Jeff Green | Sep 17, 2009
Back to HomeEarly Literacy - September 17, 2009 Say What?
by Susan Ramsay, Early Literacy Specialist
Did you know?
25% of all reading is made up of only 12 words (a, was, that, the, I, it, of, and, in, to, is, he).
Of the remaining words we most frequently use, 70% have multiple meanings.
Budding readers need books with fewer than three unknown words per page.
It is possible to teach children to read without them understanding the words.
Comprehension, though, is the reason for print. Without comprehension there is no motivation to read.
We can teach children how to read for meaning. Comprehension of written words develops through listening, talking and questioning.
According to internationally-acclaimed literacy consultant, Miriam Trehearne, the ear of a typical young boy processes sound more slowly than the ear of a young girl. For children under six years of age, the meaning of a sentence that is more than nine words long can be lost. Justin is much more likely to wriggle under the couch for his lost teddy bear if we tell him, “Teddy is under the couch in the living room.” than if we say, “I saw that teddy of yours under the couch yesterday when I was vacuuming up before Grandma came for supper last night.”
Typically, parents and caregivers watch the eyes and reactions of young children for evidence of understanding. Especially when a child is an infant or toddler, adults speak in short, simple, repetitive phrases – perfect for helping children learn new words. As children mature, adults speak in longer phrases and more complex sentences.
Current research shows that using picture books to prompt children to talk and then giving children enough time to respond are significant to the development of reading comprehension skills. Five to ten seconds of silence may seem like a long time to a parent who is waiting for an answer, but many young children need this long to formulate their thoughts into spoken words.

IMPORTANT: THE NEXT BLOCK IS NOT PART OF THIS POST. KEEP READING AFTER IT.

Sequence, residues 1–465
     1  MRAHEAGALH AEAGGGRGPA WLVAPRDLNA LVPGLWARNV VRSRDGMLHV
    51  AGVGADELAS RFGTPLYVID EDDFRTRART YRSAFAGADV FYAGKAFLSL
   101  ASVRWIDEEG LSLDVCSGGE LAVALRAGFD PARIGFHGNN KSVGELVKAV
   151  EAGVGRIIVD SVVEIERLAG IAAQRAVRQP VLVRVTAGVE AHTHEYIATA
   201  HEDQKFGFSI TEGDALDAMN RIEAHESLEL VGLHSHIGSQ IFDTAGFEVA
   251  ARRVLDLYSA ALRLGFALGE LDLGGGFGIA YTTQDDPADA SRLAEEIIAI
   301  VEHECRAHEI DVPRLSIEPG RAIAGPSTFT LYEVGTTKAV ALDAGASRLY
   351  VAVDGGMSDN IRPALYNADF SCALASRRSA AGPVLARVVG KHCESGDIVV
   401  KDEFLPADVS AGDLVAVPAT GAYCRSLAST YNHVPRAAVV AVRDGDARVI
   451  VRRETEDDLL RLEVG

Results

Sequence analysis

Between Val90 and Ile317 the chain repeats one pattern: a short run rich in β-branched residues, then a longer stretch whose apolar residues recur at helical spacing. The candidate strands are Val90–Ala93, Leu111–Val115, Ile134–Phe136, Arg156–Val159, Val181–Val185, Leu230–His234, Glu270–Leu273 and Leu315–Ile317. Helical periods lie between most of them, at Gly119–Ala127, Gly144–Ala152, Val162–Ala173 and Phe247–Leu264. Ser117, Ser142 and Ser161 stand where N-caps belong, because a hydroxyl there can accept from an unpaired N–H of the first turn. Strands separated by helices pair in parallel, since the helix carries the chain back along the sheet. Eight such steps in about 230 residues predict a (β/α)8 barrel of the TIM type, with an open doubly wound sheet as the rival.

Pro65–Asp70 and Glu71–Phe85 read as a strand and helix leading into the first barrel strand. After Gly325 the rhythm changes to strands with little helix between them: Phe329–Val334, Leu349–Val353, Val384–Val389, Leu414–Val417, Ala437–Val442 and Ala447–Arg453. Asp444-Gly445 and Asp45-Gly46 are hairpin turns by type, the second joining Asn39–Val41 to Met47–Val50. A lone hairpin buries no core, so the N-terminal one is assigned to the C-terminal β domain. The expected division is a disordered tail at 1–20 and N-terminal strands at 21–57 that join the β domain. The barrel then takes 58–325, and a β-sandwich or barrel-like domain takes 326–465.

For comprehension skills to develop, children need to make connections from print to their own lives, to other books, and to the world.
After reading Franklin in the Dark a comment and question such as “Franklin the turtle sure was afraid of the dark! Do you feel afraid in the dark sometimes too?” can help children make connections between printed words and their own experiences.
After reading Franklin in the Dark but before reading Franklin is Lost, a comment such as “I wonder if Franklin will feel afraid in this story too” can help children make connections between different books.
During the reading of a familiar story such as Franklin Plays a Game, pausing to study the pictures and asking “What would the ball look like if Franklin was playing Australian Football instead of soccer?” can help children make connections between information in books and a broader knowledge about the world.
Commenting, asking questions and listening - before, during and after reading: Simple ideas that can motivate children to read.Susan Ramsay is the Early Literacy Specialist for Hastings, Frontenac, Lennox & Addington. You can contact her at 613-354-6318 (ext 32)